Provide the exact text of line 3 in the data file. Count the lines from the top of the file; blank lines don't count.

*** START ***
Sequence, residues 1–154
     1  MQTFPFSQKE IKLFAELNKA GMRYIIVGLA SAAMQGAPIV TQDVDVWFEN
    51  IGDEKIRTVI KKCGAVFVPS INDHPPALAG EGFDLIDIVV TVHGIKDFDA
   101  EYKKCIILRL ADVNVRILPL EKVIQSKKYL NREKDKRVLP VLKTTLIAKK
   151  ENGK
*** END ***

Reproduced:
    51  IGDEKIRTVI KKCGAVFVPS INDHPPALAG EGFDLIDIVV TVHGIKDFDA